In 2021/22, UCL ties had an average of 56 minutes and 54 seconds per game, while La Liga was the lowest out of the major European leagues at just 53 minutes and 21 seconds.
Ball In Play Across Europe 2021/22
|Competition||Time the ball is in play||% of time ball is in play|
|Champions League||56 mins 54 sec||59.2%|
|Premier League||55 mins 3 sec||56.4%|
|Ligue 1||56 mins 17 sec||58.6%|
|Bundesliga||54 mins 23 sec||57.0%|
|Serie A||54 mins 43 sec||56.8%|
|La Liga||53 mins 21 sec||54.6%|
The 60-Minute Proposal
The main solution to this issue, which has been championed by several coaches, referees and governing bodies, is to introduce a basketball-style timer where the clock is stopped when the ball goes out of play. In this instance, the game could then be reduced to 60 minutes, bringing it more in line with basketball, which is just 48 minutes long.
The idea of shortening football matches is nothing new. One of the most vocal proponents is Real Madrid president Florentino Perez, who asserts that shorter games might appeal to younger generations. According to Perez, it could help “save football”. However, what’s being presented by other individuals is something different, as a 60-minute match would still end up being around 90 minutes.
Under this system, the timer would be stopped whenever the ball is out of play, a substitution is made, or intentional time-wasting takes place. Currently being looked at by legendary referee Pierluigi Collina, FIFA and the IFAB, it already has the backing of some leading figures in English football. As former Champions League Final ref Mark Clattenburg explains (via the Daily Mail), the 60-minute clock would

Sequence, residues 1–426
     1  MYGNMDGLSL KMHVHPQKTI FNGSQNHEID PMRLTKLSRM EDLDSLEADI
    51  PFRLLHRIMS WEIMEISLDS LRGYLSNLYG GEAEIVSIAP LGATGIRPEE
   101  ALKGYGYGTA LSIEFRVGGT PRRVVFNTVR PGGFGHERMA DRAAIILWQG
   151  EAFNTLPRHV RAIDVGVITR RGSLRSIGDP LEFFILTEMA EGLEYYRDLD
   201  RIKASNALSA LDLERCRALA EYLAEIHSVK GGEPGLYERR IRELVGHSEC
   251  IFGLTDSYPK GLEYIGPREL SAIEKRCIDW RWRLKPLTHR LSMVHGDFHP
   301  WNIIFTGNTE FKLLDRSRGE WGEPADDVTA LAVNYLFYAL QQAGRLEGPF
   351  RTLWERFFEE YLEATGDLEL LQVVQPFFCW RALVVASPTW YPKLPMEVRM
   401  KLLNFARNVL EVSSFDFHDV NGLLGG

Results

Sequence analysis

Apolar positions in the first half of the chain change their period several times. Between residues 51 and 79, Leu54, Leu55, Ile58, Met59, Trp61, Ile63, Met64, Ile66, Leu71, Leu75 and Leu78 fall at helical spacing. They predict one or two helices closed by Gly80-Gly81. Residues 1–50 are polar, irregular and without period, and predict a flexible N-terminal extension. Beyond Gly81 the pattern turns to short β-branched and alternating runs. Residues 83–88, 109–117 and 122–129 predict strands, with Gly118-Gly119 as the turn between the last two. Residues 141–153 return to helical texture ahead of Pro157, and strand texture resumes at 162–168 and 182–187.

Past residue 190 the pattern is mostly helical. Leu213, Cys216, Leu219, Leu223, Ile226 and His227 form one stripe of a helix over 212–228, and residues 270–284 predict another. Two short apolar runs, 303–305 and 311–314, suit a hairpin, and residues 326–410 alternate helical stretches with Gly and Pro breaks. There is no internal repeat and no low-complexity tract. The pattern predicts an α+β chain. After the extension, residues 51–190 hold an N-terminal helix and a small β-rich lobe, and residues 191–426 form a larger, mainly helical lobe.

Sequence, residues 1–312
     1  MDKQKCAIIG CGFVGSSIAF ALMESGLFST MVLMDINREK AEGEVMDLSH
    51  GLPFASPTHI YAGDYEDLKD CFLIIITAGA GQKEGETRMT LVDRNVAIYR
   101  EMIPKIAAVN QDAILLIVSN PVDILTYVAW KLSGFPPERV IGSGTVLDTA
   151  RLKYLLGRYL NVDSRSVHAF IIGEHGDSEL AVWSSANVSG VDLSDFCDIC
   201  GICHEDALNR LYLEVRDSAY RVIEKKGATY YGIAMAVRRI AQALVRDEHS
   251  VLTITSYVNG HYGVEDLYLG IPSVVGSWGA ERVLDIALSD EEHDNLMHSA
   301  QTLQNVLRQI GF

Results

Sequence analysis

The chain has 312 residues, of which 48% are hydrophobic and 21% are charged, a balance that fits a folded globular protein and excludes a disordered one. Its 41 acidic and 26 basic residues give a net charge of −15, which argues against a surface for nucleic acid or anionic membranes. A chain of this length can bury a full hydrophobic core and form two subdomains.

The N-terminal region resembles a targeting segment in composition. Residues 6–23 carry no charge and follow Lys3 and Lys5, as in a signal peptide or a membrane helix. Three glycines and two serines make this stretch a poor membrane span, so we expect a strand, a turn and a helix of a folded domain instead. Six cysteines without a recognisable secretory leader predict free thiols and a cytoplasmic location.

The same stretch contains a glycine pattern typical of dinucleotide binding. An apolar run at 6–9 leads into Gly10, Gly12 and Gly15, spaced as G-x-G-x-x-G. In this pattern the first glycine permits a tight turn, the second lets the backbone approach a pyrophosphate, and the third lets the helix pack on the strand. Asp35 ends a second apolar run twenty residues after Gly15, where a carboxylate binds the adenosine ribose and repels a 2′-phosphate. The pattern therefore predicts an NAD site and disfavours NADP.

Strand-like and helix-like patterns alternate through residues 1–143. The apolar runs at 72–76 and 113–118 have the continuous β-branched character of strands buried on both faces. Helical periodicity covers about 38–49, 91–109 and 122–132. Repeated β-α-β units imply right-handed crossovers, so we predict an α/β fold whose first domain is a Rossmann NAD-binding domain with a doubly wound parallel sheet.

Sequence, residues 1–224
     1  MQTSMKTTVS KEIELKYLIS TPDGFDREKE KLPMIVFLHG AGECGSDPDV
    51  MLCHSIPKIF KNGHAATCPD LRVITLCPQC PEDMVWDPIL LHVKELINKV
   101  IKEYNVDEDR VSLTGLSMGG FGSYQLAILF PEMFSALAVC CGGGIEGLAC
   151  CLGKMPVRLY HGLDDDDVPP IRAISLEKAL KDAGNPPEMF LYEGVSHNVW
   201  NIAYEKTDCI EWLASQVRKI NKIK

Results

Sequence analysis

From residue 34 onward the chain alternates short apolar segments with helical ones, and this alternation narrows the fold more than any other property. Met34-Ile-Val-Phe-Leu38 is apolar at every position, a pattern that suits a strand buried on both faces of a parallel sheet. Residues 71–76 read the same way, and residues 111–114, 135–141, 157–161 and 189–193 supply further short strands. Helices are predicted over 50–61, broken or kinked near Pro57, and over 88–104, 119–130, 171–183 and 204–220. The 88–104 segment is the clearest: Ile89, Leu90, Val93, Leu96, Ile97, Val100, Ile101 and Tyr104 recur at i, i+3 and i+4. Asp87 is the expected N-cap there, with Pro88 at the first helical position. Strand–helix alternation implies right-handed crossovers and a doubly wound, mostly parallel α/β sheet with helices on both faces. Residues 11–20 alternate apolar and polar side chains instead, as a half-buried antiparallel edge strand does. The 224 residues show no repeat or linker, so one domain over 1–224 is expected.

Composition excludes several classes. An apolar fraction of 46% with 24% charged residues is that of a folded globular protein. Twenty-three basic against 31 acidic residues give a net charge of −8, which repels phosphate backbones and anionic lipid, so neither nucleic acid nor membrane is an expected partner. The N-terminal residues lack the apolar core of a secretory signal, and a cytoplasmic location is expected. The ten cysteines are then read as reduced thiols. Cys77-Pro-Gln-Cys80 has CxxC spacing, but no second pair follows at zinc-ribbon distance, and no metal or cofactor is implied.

“guarantee paying punters that they at least get to see an hour of football on the pitch.” He adds that “It’s a conversation that our sport should be having.”
Does Football Need A Rule Change?
There are certainly robust arguments to be made for why the rules should be altered. Introducing 60-minute games where the clock can be stopped would mean that time-wasting, in the form of leaving the pitch slowly, or delaying the taking of a goal kick, would become pretty futile acts.
However, even if such changes were made, likely, some form of time-wasting would still remain, as one of its primary functions is to halt momentum and slow down the pace of the game. In basketball, a coach has the opportunity to do precisely that in the form of the ‘timeout’. While time-wasting can’t run the clock down, a coach will use a ‘timeout’ to stop play if an opponent is on top – in an attempt to rally their players and try to turn the tide. Henceforth, even if the clock could be stopped in football, you’d still have to deal with some interruptions of that nature.
Another factor to consider before implementing such a rule change is that it’s yet another law that separates football from the grassroots. While referees would be able to stop and start the clock using a stopwatch further down the footballing pyramid, it adds yet another layer of complexity to what is – ostensibly – a straightforward sport.
As we have shown, football certainly has a timekeeping problem that needs to be confronted somehow. The numbers don’t lie, as if you have a situation where most fans only see the football in play for less than 60 minutes of the 90, questions are naturally going to be asked.
Potential solutions to this very issue do exist, but most would generally involve messing with a fundamental aspect of the game that has been in the Association Football rulebook since the very beginning. In an age of five subs per game, tactical fouling, and increasingly intelligent time-wasting, perhaps now is the time to trial new ways of timekeeping matches.
Indeed, for football to remain future-proof and appeal to a younger audience, preventing annoying delays here and there may be essential. While many of the solutions above are still very much in the embryonic stage, VAR’s introduction shows that the game’s rules are malleable if the collective will is there to change them.